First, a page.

APT33 has shifted targeting to industrial control systems software, Microsoft says

Given that the group has been linked with data-wiping hacks in the past, the new activity has analysts’ full attention.
power plant, energy infrastructure, industrial control systems
(Getty Images)

In the last two months, an aggressive hacking group linked with the Iranian government has made a troubling shift in its targeting, security researchers at Microsoft say. Instead of simply probing IT networks, the hackers have gone after a series of industrial control system (ICS) products used in the energy sector.

Given that the group, known as APT33, has been linked with data-wiping hacks in the past, the new activity has analysts’ full attention. It fits a broader trend in state-linked activity in which attackers have been increasingly willing to probe industrial software to achieve their objectives.

“You have an actor that has been linked to deployment of destructive payloads in the past,” said Microsoft security researcher Ned Moran, laying out his concerns. “You have an actor that’s really interested in the energy industry,” which includes important infrastructure such as pipelines and refineries.

What APT33’s objectives are in its latest activity is an open question. The hackers could simply be collecting data on the targets rather than trying to disrupt them. But Moran felt the issue pressing enough to warn the cybersecurity industry about it in a presentation Thursday at CYBERWARCON in Arlington, Virginia.


Moran shared a new batch of APT33 data from Microsoft, which has some of the widest visibility of state-sponsored hacking in the cybersecurity industry. From roughly June to October, the Iranian hackers were probing tens of thousands of IT-focused organizations with a technique called password spraying that throws common passwords at targets.

But in October and November, the number of targeted organizations fell to about 2,000 per month, while the number of targeted accounts per organizations jumped tenfold.  Many of those recent targets, Moran said, were ICS vendors and suppliers, and the consulting firms that work in that sector. He did not elaborate on the targets. But APT33, also known as Holmium and Refined Kitten, has previously focused on U.S. and Saudi Arabia-based organizations, including those in the defense, transportation, and oil and gas sectors.

Moran cautioned attendees not to mistake APT33’s noisy behavior — the password-spraying isn’t hard for Microsoft to notice — with a lack of sophistication.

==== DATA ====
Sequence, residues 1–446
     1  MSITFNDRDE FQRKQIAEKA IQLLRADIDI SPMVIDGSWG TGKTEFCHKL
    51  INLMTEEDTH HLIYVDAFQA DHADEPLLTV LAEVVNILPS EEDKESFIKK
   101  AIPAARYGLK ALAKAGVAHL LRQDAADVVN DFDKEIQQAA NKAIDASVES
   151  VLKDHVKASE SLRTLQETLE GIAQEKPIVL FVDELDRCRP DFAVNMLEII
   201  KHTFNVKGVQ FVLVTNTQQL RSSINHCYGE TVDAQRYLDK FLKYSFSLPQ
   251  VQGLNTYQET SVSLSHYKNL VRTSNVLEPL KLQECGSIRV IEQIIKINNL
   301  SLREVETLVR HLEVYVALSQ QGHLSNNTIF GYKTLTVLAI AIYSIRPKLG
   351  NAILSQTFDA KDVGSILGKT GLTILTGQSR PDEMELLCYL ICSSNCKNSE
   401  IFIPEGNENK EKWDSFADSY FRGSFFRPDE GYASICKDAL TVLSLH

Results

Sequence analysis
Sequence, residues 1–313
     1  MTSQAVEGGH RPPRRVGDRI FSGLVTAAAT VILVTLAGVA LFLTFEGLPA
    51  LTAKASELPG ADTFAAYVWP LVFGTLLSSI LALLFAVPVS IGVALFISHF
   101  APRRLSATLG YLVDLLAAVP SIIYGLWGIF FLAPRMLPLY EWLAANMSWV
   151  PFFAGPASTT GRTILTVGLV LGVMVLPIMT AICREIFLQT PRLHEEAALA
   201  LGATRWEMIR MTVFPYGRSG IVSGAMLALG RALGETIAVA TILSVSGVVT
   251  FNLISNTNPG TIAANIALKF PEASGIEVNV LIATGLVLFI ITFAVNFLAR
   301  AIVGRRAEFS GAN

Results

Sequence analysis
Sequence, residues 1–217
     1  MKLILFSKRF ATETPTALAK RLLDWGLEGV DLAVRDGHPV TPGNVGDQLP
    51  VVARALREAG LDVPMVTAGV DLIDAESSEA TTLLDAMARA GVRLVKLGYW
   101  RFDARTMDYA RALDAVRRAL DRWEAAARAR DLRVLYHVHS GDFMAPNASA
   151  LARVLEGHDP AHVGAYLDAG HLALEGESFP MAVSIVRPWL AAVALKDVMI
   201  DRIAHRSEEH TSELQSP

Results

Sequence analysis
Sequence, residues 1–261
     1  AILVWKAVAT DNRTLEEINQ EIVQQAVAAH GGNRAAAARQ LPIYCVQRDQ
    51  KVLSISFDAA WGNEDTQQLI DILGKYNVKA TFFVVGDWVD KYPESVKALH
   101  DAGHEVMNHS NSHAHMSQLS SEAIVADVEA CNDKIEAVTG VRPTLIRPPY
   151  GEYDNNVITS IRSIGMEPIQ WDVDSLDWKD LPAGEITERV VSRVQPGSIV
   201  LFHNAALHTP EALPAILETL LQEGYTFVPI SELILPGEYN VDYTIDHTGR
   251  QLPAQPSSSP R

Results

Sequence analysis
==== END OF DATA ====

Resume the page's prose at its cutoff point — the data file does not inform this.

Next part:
“They are operationally, very sophisticated, and they pay careful, careful attention to op-sec,” Moran said.  “They’re deliberate. They make subtle changes to their tactics over time.”

John Hultquist, director of intelligence analysis at security firm FireEye, put the threat posed by Iranian hackers in stark terms.


“The Iranian cyberthreat is a clear and present danger to critical infrastructure operators, especially given the state of affairs between Iran and their adversaries,” Hultquist told CyberScoop. “If they are seeking to gain access to the critical infrastructure supply chain they could leverage this access to carry out a significant attack.”

Wired was first to report on the recent APT33 activity.

Sean Lyngaas

Written by Sean Lyngaas

Sean Lyngaas is CyberScoop’s Senior Reporter covering the Department of Homeland Security and Congress. He was previously a freelance journalist in West Africa, where he covered everything from a presidential election in Ghana to military mutinies in Ivory Coast for The New York Times. Lyngaas’ reporting also has appeared in The Washington Post, The Economist and the BBC, among other outlets. His investigation of cybersecurity issues in the nuclear sector, backed by a grant from the Pulitzer Center on Crisis Reporting, won plaudits from industrial security experts. He was previously a reporter with Federal Computer Week and, before that, with Smart Grid Today. Sean earned a B.A. in public policy from Duke University and an M.A. in International Relations from The Fletcher School of Law and Diplomacy at Tufts University.

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